A television is what made all the difference for Periamet's pavement dwellers to catch up on what could change the future of their children forever. The late night bulletin on Thursday, announced that that Supreme Court has decided to uphold the constitutional validity of the Right of Children to Free and Compulsory Education Act 2009, leaving smiling faces all around.

“I was very happy when I heard the announcement,” says S. Sridhar, a daily wage labourer and father of two. “The 25 per cent reservation of seats in schools is like a gift to us and it is a very good thing that will benefit many among us who cannot afford to send their children to good schools.”

The same news was met with disbelief by 24-year-old Mahalakshmi Venkatesh, a slum dweller in Chintadripet, who heard the news late on Friday evening. Her eyes widened instantly. “But what if they refuse to give my child admission? Is this really true?”

The accessibility to private schools has always been difficult for children from poorer sections of society, says N. Paul Sunder Singh, Director, Karunalaya, an NGO working with street children. “Parents want their children to be educated in good schools but they find it difficult to get an application and seldom get a call for an interview,” he says, adding the NGO has provided recommendation letters to several schools to enrol children.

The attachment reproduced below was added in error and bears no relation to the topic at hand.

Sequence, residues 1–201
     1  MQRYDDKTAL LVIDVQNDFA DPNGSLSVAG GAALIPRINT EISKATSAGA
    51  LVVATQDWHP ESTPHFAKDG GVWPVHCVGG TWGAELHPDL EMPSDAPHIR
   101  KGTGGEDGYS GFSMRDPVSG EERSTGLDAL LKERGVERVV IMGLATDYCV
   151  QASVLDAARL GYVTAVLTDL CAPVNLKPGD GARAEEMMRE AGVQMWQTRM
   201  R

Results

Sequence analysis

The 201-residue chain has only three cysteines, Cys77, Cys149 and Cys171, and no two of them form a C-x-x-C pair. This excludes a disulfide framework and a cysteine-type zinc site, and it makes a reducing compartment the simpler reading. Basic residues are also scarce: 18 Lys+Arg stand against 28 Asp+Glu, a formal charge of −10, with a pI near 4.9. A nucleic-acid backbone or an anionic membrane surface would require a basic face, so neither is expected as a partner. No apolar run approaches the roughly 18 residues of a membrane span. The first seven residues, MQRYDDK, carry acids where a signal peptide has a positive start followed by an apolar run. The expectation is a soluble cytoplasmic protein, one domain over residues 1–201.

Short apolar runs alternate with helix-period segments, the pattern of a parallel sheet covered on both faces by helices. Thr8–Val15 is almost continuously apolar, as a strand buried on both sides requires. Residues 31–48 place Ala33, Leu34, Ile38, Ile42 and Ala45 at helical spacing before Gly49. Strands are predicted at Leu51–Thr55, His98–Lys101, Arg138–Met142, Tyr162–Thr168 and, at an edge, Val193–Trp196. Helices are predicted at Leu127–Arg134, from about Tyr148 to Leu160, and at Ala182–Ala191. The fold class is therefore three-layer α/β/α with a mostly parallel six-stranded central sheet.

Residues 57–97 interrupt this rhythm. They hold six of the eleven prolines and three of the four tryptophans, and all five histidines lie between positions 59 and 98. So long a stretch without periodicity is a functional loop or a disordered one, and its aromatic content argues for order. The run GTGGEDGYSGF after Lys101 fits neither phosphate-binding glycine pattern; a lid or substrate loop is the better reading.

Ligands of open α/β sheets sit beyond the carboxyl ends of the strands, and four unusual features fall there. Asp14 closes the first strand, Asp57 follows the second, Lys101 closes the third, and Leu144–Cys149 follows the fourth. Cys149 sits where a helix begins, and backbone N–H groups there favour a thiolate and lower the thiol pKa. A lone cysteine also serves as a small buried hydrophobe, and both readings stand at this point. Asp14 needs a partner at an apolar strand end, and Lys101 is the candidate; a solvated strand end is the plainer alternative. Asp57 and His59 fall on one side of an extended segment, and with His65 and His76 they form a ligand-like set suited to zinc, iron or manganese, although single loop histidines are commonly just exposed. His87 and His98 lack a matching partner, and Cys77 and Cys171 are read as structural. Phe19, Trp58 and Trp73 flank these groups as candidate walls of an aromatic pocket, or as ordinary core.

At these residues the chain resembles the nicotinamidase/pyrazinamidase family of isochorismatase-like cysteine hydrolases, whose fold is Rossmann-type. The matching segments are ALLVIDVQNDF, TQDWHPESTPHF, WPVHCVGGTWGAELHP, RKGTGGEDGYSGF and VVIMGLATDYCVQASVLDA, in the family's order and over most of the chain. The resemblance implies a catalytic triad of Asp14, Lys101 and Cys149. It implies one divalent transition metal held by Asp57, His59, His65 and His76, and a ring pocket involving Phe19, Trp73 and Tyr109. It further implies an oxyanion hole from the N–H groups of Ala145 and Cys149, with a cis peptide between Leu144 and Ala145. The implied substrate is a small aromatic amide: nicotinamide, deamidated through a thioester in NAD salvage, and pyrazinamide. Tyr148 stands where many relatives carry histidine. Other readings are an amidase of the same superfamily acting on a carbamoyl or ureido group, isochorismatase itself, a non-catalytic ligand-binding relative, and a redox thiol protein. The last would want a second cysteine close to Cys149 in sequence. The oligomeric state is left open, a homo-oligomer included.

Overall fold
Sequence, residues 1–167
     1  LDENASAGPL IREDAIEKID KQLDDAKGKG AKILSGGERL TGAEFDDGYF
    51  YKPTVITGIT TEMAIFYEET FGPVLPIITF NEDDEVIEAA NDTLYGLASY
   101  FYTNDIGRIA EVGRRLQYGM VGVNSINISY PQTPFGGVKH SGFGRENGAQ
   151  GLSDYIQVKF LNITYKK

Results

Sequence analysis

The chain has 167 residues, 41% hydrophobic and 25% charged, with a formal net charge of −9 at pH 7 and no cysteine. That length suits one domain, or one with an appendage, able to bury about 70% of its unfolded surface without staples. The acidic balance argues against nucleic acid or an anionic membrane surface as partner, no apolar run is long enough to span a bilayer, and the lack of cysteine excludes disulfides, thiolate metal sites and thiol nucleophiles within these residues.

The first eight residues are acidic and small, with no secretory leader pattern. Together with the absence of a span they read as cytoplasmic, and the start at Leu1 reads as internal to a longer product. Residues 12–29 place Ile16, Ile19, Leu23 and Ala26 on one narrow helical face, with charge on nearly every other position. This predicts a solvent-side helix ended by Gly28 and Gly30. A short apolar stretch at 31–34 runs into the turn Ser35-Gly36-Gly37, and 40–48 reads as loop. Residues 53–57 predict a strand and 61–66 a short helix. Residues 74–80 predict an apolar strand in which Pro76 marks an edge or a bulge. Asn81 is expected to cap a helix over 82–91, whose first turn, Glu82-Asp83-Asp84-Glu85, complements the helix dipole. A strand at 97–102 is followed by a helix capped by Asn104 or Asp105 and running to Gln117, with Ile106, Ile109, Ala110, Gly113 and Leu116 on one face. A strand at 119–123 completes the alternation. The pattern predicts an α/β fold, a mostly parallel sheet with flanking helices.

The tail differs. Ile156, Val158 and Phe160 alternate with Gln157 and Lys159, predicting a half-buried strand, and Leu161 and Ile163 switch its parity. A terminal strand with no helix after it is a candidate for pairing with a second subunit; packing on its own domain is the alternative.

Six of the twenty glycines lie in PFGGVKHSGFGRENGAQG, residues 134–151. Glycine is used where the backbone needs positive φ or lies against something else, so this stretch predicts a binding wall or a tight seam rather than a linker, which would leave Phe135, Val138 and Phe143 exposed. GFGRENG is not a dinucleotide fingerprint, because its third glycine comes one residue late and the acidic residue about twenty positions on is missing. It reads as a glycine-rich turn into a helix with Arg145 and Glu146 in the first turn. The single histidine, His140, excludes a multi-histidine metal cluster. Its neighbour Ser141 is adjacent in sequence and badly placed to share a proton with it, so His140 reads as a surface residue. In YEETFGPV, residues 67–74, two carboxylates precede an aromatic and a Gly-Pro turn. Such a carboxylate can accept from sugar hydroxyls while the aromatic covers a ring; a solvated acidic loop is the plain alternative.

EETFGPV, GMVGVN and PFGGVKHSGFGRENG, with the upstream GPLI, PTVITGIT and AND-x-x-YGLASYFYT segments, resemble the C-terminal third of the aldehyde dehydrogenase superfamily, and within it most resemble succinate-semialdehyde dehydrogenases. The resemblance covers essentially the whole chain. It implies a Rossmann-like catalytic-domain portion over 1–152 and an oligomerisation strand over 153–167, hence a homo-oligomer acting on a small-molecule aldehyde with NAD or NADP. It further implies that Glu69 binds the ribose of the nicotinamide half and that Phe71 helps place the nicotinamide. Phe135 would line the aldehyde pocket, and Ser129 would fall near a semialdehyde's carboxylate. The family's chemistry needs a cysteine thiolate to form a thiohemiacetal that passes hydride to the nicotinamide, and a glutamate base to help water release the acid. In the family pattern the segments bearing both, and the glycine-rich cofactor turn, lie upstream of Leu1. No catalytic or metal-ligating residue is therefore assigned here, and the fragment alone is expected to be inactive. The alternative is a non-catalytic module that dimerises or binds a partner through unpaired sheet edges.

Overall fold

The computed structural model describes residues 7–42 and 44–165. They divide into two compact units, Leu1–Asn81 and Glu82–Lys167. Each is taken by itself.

“I don't see anything negative coming out of this announcement,” says S. Yamuna, whose daughter studies at the Chettinad Vidyashram. “In such a young age, children will grow together. The problem lies in the mentality of parents.” Evidently, for such a reservation to be successful, it requires the schools' managements, teachers and parents to be sensitised enough to create an inclusive environment in classrooms.

Some parents of children in elite schools do confess to having exchanged concerns on how this will adversely impact their child's behaviour. “While the good thing is my son will learn about issues faced by others in society, the drawback is he may pick up foul language,” says a parent, who did not wish to be quoted.

Anitha Nagaswamy, whose children study at P.S.B.B. Senior Secondary School, says the reservation is an ill-thought out exercise by the government. “Since most of the children will be first generation learners it is asking too much from the child. The language is not spoken at home and they won't have help at home,” she says, adding the government should take steps to equip its own schools. “I am also concerned about the fees charged for the rest of the children. Reimbursements to schools will be based on rates set by the government.”